L-R: Alok V. Menon (Photograph by Elif Kücük), Vivek Shraya, Nemat Sadat


The world of the written word has always been inclusive. Even though the literary output might be shunned or the writer's identity hidden, literature has still managed to give space to voices that are marginalised or ignored. Writing has quite frequently become a way of not just escaping the immediate reality for many, but also of expressing themselves, and a tool for recognising who they truly are. As more and more LGBTQIA artists have risen to fame, so have the community's authors, who've used the power of writing to emanicapate themselves and their identities. Platform has also had the privilege to speak to such authors and learn more about them. In celebration of Pride Month, we revisit our conversation with LGBTQIA authors and provide snippets from their journeys of courage.

Alok Vaid Menon: Growing up as part of the Indian diaspora I was always made to feel that my sexuality and my gender were something that I picked up 'in America', and was routinely told that there were no LGBTQIA people in India. Connecting with such artists and activists in India and sharing my work there touches me deeply. My experiences in India have been some of the most foundational to my life and my creative practice.

The process of saying, 'This is who I am' is one of the most intense and complicated journeys. I think all of us are struggling with it in our own ways. I don’t think gender non-conforming and non-binary people have a necessarily more complex journey, I think we are more honest about how difficult it is. Things like 'language' and 'identity' are devices we use to approximate what we feel in the inside so there is always a disconnect between who we know we are and how we are able to express it.

I believe that there are as many genders as there are people in the universe. I think the goal is less about 'accepting trans people,' and more about accepting the ways in which all of us [regardless of how we identify] fail to embody a reductive binary of 'man' or 'woman'. Trans identity is complex because humanity is complex – we have to commit ourselves to constantly learning and recognizing that difference and diversity are strengths, not weaknesses.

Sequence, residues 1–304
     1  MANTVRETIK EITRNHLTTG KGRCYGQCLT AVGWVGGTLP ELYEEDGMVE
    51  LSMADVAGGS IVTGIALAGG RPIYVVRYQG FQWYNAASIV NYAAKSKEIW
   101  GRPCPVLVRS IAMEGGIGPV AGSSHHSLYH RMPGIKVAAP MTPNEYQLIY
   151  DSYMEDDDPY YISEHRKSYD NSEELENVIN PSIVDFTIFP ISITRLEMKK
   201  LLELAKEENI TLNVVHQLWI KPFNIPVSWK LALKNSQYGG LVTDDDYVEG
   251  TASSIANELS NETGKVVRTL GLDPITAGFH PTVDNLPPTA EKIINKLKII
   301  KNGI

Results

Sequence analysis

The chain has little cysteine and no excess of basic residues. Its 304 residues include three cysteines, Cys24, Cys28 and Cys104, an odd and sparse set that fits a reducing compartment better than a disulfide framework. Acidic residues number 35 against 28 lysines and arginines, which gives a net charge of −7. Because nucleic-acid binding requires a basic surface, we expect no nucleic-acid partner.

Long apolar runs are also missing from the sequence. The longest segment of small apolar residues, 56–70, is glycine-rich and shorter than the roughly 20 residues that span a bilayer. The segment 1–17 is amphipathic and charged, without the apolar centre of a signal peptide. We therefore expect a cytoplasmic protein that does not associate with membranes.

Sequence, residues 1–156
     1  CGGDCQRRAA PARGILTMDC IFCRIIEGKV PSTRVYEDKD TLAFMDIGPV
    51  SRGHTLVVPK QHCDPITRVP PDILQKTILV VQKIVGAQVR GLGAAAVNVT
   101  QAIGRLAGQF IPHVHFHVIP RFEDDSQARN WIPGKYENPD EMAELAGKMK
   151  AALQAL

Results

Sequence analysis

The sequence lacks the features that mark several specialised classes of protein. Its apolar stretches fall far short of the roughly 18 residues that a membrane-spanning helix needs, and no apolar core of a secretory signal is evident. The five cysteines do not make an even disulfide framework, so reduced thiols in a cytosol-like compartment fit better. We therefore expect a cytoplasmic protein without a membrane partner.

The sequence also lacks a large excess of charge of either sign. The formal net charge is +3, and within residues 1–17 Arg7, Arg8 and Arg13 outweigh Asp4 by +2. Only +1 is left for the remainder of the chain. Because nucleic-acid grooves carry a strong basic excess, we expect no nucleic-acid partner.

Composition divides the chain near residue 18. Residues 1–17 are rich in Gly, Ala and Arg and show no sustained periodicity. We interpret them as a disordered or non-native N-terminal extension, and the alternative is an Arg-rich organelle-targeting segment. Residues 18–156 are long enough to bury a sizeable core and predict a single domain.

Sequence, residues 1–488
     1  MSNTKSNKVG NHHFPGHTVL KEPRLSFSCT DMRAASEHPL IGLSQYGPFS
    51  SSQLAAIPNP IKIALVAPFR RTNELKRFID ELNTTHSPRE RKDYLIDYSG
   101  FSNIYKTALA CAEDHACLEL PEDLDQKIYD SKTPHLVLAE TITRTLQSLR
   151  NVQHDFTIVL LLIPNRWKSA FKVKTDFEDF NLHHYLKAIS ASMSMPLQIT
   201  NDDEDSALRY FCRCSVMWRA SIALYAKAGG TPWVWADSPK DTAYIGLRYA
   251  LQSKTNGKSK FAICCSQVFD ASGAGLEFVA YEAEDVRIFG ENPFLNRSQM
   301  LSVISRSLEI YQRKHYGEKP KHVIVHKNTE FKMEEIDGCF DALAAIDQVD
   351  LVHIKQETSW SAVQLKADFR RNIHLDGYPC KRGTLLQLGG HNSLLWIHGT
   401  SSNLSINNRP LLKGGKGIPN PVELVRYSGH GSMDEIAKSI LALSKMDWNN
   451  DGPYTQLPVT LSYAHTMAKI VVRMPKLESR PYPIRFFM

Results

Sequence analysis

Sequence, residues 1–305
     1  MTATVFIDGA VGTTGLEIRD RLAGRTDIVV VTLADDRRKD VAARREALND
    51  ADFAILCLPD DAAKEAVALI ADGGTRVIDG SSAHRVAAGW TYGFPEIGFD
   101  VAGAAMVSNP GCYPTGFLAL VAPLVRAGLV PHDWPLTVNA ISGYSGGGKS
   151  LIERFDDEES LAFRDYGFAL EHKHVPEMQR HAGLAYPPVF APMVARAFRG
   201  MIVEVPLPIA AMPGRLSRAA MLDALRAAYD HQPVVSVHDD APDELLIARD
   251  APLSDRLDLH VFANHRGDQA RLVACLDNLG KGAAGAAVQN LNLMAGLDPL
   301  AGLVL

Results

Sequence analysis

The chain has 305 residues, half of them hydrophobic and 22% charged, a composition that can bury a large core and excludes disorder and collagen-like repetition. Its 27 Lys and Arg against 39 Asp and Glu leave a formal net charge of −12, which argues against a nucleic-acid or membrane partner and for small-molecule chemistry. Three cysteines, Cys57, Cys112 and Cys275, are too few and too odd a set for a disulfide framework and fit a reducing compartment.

Vivek Shraya: The decision to explore 'she' and 'her' as pronouns happened in August 2015. Performing masculinity as a way to prove my manhood, which included weightlifting or sporting a beard or walking widely, was exhausting. After turning 30, I found myself caring less about the consequences of straying from my assigned gender. 

I am drawn to certain themes; gender, Hinduism, my mother, and self-love. I have always looked up to my mother, especially her femininity. She was also one of the only people in my childhood and teenage years who didn’t chastise me for my femininity. Consequently, she has been a re-occurring theme in my work. While transitioning, it’s been uncanny to look at her older photos and see our resemblance.

Nemat Sadat: After I became the first person in the Afghan community to come out to the entire world by posting a message on Facebook in August 2013, a lot of relatives and friends blocked me out of their lives, claiming that I brought them and the entire community of Afghans and Muslims dishonor by revealing my sexuality. I didn’t give up though. I knew in my heart I was doing right. My coming out and relentles campaign for LGBTQIA rights has awakened a gay movement in Afghanistan.

I was admitted to an advanced novel writing class at Harvard Summer School despite having taken no prior fiction writing course prior to that. However, I was scarred in that writing workshop since the instructor and all the other students were heterosexual, white, native-born, and hailed from Judeo-Christian heritage and I was the sole brown, gay Afghan refugee from Muslim lineage. The demeaning comments the instructor made about my work in front of the class scarred me so much it slammed the brakes on my writing. My breakthrough in writing didn’t come until 2012 when I returned to Afghanistan, after having lived 31 years in exile, and developed a heightened sense of awareness for what Old World Kabul was like. That same year I also gained admission into the master’s degree program in creative writing at the University of Oxford. This was around the time I started to relive the epiphany that prompted my intense storytelling burst.